Friday, February 3, 2012

Helpful Tools for the Teachers of Today

When I was little, but not too little to do math, my mom who was a public school teacher asked me to check exam papers for her. After I finished checking, I had to write down the scores of her students in what was more popularly called then as a “class record”. This booklet, to those who don’t know, was a columnar notebook which contained the names of all the students and was used by teachers to manually input all of the scores. Of course, the scores would not compute themselves into a final grade. I then had to add up all the scores for the students and my mom would compute the final grade using a calculator. How many students did my mom have? Hundreds at a time. She even had to submit a handwritten lesson plan to the principal every school year. And she had to do that for 35 years.

Talk about tedious. Now that we have *.xls worksheets, I really find it unimaginable to manually compute for anything, let alone the final grade of hundreds of students. Had my mom continued teaching until now, I guess it would take just a few hours to accomplish the same thing which originally took her days to finish. Well, I’m not actually just guessing. I know that for a fact. I am a teacher now, too, you know, and what better time to be one than now? There are so many resources that make a teacher’s job—difficult it might really be—actually a lot easier.

Sign-up Genius. One thing I have had trouble with my classes is how to get a consensus from them, say, if I want to know when I could hold a make-up class or which students want to arrange a consultation. Getting a coherent and unanimous decision from a class of 30+ teenagers in their sophomore year of college (and with so much to say) is such a chore, believe me. Everyone has their little concerns and, just like law students, each one thinks their one personal concern trumps everyone else’s that they deserve to be prioritized. It really stresses me out. I eventually found out that it would be less troublesome if I ask them to sign-up. I was curious if there was an online sign-up sheet of sorts just so I could lessen face-to-face interaction with them. If I just give them clear instructions and ask them to sign up ONLINE, they’ll have no opportunity to negotiate with the terms. It will thus be a take-it-or-leave-it situation. And of course, when I googled “online sign-up sheet”, there actually was one. I was able to seamlessly organize consultation sessions for all 70+ students of mine. Thank you, Sign-Up Genius.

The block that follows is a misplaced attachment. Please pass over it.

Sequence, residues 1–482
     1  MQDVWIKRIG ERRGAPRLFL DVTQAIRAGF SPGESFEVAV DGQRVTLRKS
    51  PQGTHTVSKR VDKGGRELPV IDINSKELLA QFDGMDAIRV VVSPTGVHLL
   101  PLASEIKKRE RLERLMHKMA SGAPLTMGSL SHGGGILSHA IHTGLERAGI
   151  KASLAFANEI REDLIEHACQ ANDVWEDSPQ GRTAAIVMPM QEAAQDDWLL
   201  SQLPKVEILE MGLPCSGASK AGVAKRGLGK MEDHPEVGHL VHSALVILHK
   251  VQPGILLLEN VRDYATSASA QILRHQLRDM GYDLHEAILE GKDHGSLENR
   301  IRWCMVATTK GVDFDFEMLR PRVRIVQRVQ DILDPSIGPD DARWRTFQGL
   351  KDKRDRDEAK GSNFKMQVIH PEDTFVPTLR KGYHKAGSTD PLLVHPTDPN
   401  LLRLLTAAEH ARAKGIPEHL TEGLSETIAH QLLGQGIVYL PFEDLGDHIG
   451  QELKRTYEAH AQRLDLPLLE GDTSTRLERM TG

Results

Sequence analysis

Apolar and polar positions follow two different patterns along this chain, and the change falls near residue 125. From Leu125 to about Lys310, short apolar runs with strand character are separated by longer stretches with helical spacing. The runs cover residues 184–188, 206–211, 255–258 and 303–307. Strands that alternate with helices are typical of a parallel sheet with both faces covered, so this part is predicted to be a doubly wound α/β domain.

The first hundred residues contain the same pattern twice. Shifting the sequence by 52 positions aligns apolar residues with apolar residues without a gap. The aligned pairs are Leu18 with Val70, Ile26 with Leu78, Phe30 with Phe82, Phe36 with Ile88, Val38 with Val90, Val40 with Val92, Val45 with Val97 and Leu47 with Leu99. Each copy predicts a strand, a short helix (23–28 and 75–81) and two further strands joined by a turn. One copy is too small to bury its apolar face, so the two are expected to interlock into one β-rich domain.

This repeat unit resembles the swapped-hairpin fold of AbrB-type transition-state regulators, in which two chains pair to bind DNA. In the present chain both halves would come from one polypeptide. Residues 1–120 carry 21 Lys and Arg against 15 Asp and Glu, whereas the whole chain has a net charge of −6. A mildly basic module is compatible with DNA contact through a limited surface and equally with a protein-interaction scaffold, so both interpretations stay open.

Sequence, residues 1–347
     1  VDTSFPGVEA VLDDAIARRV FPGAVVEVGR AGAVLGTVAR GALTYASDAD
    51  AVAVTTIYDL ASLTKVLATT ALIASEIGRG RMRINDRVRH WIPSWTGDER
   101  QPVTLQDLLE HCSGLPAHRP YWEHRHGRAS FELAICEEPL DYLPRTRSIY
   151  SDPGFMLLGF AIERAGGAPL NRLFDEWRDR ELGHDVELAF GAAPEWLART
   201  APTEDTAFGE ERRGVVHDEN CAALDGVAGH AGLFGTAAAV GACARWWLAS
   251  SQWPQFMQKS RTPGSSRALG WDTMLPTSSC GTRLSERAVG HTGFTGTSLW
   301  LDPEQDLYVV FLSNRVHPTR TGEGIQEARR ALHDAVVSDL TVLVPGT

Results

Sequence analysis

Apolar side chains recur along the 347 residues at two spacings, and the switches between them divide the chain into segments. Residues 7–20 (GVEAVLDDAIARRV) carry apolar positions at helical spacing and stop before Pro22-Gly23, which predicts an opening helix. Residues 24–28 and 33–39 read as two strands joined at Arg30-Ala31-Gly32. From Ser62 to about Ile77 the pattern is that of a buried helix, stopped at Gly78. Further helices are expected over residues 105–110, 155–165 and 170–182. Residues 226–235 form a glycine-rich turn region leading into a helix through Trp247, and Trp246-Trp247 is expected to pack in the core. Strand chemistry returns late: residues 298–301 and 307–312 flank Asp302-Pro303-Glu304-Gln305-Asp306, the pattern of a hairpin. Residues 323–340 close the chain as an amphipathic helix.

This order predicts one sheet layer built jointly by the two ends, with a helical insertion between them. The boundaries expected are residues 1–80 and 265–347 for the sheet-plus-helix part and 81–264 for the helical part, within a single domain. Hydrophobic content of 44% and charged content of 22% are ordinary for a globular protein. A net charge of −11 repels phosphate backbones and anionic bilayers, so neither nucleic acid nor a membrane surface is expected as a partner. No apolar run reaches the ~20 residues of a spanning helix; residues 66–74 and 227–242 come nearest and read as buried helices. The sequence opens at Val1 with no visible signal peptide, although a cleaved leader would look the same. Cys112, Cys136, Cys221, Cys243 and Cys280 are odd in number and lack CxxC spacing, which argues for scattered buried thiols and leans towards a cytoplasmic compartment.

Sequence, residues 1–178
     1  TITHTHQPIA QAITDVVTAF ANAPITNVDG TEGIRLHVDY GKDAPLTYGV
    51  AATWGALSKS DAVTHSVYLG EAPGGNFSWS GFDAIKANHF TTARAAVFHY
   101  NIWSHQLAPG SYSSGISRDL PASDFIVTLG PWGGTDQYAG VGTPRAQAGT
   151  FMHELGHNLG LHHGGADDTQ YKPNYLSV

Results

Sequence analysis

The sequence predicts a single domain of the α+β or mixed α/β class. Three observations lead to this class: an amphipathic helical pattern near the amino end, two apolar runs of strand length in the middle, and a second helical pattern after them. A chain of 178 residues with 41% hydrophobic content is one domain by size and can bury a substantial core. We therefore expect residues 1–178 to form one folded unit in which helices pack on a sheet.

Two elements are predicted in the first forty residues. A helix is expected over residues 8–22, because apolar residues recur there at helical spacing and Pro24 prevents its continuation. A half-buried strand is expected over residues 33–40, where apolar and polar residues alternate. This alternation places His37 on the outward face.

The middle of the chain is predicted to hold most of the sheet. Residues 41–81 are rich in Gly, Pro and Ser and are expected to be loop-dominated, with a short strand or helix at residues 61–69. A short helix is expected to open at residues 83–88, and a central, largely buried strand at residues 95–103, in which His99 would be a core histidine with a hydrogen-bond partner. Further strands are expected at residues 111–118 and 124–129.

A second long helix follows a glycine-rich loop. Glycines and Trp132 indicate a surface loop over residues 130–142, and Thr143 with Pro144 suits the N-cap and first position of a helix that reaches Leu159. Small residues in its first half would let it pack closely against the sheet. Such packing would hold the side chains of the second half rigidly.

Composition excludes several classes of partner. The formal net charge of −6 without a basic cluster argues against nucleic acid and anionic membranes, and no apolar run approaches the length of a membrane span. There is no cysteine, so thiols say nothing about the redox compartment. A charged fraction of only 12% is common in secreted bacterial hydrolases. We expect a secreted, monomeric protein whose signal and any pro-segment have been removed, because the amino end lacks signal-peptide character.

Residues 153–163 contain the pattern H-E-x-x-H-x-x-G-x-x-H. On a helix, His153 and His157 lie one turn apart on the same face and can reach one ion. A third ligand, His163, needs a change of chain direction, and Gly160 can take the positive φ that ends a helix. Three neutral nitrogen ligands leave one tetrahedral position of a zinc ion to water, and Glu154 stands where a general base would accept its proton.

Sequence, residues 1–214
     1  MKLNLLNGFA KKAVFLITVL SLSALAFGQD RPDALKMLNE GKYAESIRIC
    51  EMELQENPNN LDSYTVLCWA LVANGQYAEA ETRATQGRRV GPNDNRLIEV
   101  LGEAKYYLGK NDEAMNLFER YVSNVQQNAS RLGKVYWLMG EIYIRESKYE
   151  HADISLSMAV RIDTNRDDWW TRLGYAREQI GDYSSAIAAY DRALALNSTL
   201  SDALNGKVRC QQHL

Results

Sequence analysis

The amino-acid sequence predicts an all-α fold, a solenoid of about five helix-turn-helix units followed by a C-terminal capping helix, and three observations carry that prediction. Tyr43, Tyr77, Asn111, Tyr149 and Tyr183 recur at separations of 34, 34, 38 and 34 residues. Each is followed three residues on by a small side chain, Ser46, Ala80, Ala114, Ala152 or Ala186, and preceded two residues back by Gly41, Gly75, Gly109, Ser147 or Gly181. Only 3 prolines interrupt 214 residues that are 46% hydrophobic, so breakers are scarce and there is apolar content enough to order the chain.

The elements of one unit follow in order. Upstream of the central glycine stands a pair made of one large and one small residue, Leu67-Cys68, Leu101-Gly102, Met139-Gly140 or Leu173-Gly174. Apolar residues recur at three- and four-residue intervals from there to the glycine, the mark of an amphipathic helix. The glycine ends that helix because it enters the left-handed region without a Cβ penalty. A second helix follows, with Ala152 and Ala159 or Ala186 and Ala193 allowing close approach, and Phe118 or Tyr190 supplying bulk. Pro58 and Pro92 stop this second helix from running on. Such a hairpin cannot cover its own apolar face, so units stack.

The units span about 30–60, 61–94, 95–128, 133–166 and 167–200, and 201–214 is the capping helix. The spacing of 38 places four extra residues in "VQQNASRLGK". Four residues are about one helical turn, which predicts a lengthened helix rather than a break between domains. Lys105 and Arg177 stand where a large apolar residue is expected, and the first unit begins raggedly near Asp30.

MS Excel. Computing grades, as I have already said, was one hell of a task when it was still done manually. Microsoft Excel Workbooks of today, however, are such a big help. Not only does it add, subtract, multiply, and divide for me, it also combines grades from different quizzes and departmental exams (using the vlookup function) and prepares bar charts for me (to let me see if there’s some semblance of that sought-after bell curve).

Just last semester, I devised yet another way to avoid being personally bombarded and ambushed by students as to their class standing. If law professors traditionally give out “smoke-up lists”, I, on the other hand, send my students an *.xlsx worksheet where they could check their grades by just entering their ID number.

Before entering the ID number...

After entering an ID number...

I was able to inform everyone of how well (or how bad) they were doing, even how much they needed to pass the course, without me leaving the comfort of my own home.

Meme comic builder. I teach accounting and even I sometimes find it really boring. I don’t really expect young students to appreciate everything that I talk about or take interest in matters that are, to be honest, very technical. It always helps, though, when I discuss something and make a joke out of it. For some reason, students get the concept better if it sounds familiar and funny. That is why, every now and then, I insert meme comics in my handouts just to get their attention and give some color to an otherwise monochrome set of study materials. There are sites which allow you to create comic characters and strips. I’ve used the Lego Comic Builder and the more popular Rage Comic Builder. Caveat, though. I promise added color, not impeccable humor.

It might sound a bit corny and self-righteous, but I do exert large efforts to make sure that I’m being the best instructor that I could be. Good thing there are now better things than class records and lesson plans.

Ma. Eliza Christine Gomez, Entry #7

Previous posts: #1, #2, #3, #4, #5, #6

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